The Quiet Man

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MPAA Rating: Not rated
Profanity: None
Alcohol/ Drugs: Drinking, drunkenness, scenes in bar, references to "terrible thirst"
Violence/ Scariness: Fistfight. (Flashback to Sean's professional boxing career, in which he accidentally killed another boxer, the reason he is reluctant to fight in Ireland.) References to ability of married couples to hit each other.
Diversity Issues: A theme of the movie. Some prejudice against Sean as an American and an outsider. Very nice depiction of religious tolerance, as the Catholic priest tells his parishioners to pretend they are congregants of the Protestant minister, so he can impress his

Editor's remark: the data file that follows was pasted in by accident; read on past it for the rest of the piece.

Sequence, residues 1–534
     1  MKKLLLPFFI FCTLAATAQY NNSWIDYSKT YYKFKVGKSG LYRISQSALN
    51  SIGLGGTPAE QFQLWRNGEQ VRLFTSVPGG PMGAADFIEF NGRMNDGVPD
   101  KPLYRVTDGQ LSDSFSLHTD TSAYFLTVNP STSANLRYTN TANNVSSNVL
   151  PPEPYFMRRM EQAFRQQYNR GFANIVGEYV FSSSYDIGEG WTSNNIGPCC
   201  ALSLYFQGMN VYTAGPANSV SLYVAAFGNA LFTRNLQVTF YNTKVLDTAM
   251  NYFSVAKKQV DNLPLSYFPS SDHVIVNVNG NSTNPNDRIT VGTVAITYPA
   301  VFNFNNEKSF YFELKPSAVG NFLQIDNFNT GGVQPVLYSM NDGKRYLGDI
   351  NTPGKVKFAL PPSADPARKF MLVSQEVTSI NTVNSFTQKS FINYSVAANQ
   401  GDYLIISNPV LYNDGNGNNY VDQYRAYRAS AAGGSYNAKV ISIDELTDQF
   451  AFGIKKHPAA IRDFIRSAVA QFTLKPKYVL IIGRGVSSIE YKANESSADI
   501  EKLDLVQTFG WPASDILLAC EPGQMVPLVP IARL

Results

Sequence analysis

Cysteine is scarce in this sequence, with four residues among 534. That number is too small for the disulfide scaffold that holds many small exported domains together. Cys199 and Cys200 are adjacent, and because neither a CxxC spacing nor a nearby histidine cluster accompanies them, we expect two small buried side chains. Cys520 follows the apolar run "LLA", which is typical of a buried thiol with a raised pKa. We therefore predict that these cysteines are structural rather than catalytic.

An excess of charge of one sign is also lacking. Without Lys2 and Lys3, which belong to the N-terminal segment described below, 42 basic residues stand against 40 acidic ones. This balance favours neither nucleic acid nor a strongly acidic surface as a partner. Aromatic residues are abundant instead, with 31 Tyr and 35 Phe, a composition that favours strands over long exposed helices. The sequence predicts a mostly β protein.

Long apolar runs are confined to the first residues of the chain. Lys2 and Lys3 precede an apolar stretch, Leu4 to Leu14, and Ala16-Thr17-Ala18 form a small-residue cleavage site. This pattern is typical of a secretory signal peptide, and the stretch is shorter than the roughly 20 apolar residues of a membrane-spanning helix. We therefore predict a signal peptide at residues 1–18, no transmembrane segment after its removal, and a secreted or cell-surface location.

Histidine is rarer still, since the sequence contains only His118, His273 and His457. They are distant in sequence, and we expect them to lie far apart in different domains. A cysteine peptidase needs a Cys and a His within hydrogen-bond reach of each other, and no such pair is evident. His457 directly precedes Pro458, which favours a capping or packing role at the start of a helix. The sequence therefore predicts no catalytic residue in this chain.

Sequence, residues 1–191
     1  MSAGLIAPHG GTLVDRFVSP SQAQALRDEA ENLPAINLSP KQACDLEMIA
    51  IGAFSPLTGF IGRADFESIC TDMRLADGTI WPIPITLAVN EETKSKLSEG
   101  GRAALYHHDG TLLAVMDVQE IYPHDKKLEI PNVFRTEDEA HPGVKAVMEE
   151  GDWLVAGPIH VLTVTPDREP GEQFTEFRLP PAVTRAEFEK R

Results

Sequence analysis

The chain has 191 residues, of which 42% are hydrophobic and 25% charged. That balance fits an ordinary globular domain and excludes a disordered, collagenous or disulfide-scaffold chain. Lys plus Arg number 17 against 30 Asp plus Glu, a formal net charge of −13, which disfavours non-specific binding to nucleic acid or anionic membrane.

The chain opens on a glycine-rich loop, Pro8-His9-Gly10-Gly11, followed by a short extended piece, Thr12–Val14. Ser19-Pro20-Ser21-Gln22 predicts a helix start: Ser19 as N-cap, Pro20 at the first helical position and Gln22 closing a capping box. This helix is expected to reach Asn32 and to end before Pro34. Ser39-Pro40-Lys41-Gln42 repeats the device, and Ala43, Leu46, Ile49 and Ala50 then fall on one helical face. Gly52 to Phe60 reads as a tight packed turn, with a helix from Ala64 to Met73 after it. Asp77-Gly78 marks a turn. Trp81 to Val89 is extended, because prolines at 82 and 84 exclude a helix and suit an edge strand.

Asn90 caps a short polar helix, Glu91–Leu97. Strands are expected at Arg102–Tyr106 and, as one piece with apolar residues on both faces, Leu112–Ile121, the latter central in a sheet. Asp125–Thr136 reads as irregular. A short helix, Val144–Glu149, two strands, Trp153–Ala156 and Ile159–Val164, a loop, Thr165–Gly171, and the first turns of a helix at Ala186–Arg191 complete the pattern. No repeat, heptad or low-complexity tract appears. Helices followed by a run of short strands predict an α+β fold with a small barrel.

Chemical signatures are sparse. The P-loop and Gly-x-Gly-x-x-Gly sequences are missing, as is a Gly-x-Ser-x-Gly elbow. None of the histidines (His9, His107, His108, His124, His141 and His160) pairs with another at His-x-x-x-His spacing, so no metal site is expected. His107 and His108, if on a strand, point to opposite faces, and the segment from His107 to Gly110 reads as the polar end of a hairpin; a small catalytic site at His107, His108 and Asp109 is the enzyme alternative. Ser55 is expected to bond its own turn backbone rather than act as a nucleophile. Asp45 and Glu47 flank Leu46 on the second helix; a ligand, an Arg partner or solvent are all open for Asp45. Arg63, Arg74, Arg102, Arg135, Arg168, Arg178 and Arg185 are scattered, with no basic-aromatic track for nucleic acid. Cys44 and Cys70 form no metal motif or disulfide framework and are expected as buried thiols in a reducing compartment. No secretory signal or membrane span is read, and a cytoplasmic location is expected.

Date Released to Theaters: 1952
Date Released to DVD: October 22, 2002
Amazon.com ASIN: B00006JMRD

I grew up in Chicago, a city that really knows how to celebrate St. Patrick’s Day. There’s the parade, of course, and every year they dye the Chicago River green. And every year WGN shows The Quiet Man, the unabashed love letter to Ireland made by director John Ford with John Wayne and Irish and Irish-American actors like Maureen O’Hara and Barry Fitzgerald. Some people think the movie is sexist, but they ignore the movie’s key themes about how important it is for both men and women to believe that they bring something important to the relationship. In the words of Michaleen Oge Flynn (Barry Fitzgerald), it is about a love story that is impetuous and Homeric. It has passion, humor, glorious Technicolor, and one of the greatest fight scenes ever put on film. It’s a great way to celebrate St. Patrick’s Day.

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